ZACK GUZMAN: Yeah, and there's-- I mean, obviously, there's a lot of assumptions that a lot of people are making. And you can look at Bitcoin and the rest of it. And obviously, those might continue to maybe break as we look at some of those further into DeFi, as people look at those as more software plays rather than maybe a digital gold play like they're looking at Bitcoin now.

But David, when we look at maybe some of those assumptions, I think it does kind of set up questions, and to build on Jennifer's, questions around how some of these risks do grow if the larger institutional players dip more than just a toe into crypto. And we've already talked about leverage built into some of these markets as well. What that contagion risks look like when you have maybe institutional or systemically important institutions kind of in crypto, what it looks like because of the liquidity in Bitcoin and maybe some other cryptos, too, not necessarily like cash. So I mean, how do you see maybe that playing out if this does grow to what a lot of people are hoping for, how some of those risks could not just grow but exponentially grow?

DAVID MERCER: I think they'll grow, but let's put it into perspective, shall we? There are $200 trillion of assets in custody today, so traditional finance assets in custody today. The total market cap of crypto today is $3 trillion. So if you imagine that 5% of the real money of, you know, pension funds and asset managers is invested in crypto going forward that's $10 trillion. That's about the same market cap as gold.

So, sure, there'll be a price pump in all crypto assets, and Bitcoin specifically. But it's still a pretty limited contagion compared to the weight of money that will be invested in stocks, in bonds. So, you know, I think, in fact, the diversification should be a good thing for portfolios, rather than being muddied by a potential contagion.

JENNIFER SCHONBERGER: David, you're talking about risks. We're talking about contagion here. I want to ask you about regulation. Do you think that we need a global set of rules to govern cryptocurrencies? Where do you see the biggest gaps here, and then maybe from there, sort of the biggest dangers? And specifically on stablecoins, you know, here in the US, we're very worried, regulators are very worried about runs. And the Biden administration has recommended that only banks be allowed to issue stablecoins. Your thoughts on regulations?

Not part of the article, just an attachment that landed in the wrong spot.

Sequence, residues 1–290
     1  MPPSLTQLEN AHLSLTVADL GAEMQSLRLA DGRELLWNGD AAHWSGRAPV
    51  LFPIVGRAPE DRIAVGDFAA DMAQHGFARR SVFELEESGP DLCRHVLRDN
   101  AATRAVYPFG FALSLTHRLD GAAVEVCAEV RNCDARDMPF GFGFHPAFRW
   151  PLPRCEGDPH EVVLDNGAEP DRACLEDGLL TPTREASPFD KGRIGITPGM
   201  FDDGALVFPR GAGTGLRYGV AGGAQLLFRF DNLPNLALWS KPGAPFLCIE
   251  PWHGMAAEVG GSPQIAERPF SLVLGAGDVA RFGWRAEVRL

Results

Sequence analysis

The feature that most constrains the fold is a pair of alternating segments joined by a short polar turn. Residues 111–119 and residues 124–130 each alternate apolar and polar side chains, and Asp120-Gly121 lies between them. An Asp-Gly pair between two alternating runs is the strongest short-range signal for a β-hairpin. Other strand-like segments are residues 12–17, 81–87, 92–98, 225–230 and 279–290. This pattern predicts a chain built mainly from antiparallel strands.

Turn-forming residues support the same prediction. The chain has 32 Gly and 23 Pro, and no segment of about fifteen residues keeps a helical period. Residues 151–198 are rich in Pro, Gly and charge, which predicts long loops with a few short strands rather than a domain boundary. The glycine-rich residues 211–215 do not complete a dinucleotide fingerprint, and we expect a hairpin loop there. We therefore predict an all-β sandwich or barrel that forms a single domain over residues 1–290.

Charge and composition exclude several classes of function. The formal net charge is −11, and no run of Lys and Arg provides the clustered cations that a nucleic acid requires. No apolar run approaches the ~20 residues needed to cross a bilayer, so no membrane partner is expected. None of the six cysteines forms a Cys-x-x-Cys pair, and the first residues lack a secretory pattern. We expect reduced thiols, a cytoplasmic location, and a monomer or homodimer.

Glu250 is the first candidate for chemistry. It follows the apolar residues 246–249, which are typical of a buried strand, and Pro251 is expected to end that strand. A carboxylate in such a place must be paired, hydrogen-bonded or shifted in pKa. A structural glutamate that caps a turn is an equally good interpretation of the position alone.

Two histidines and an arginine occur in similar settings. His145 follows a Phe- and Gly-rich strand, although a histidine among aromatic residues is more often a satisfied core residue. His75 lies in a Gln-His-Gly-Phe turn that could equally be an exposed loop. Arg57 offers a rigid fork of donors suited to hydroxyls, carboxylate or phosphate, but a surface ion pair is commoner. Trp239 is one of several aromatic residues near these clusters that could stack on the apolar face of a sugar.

DAVID MERCER: So I think it's a lofty goal to have global regulation in any asset class. Ultimately, it's driven by nation states. So but look, I think regulation is a good thing. I think you need to split it into two. You need to split it into retail regulation and wholesale regulation. Certainly, we should be protecting retail or private investors from assets that are new or assets that they may not understand, certainly in the way you protect retail investors against leverage, for example, in the US today.

So regulation should be a good thing. It's good to raise the bar. And then we know all the participants in the market are adhering to the rules. But what I would say is that on the wholesale side, everyone just wants a framework. You know, we want to know the rules of the game. So, just some clarity. There's a lot of argument about is a certain crypto asset or a token a security? If it's a security, it's fine. There's a well-trodden path to that regulation. I think we can use existing regulation. Likewise, if it's a bank account, if it's a brokerage product.

So let's try and adapt and adopt the frameworks that already exist. You know, I've seen some of the comments this week and the last from the Biden administration about regulating stablecoins. Again, you know, if you're issuing money, there probably should be some sort of regulation. But again, the framework is there. And I think that's a first on the hit list, if you like, of US regulators and policymakers.

Again, I'm going to go back to the size again and put this in context. You know, the stablecoin market was about $130 billion. Things of that size don't necessarily warrant regulation. So they're not in a hurry. But regulation will generally be a good thing. And my personal belief is that we should adopt the existing frameworks.

AKIKO FUJITA: Well, David, that is a whole other conversation. We're going to have to have you back on the show again soon. David Mercer, LMAX Group CEO, joining us from London today, alongside Jennifer Schonberger.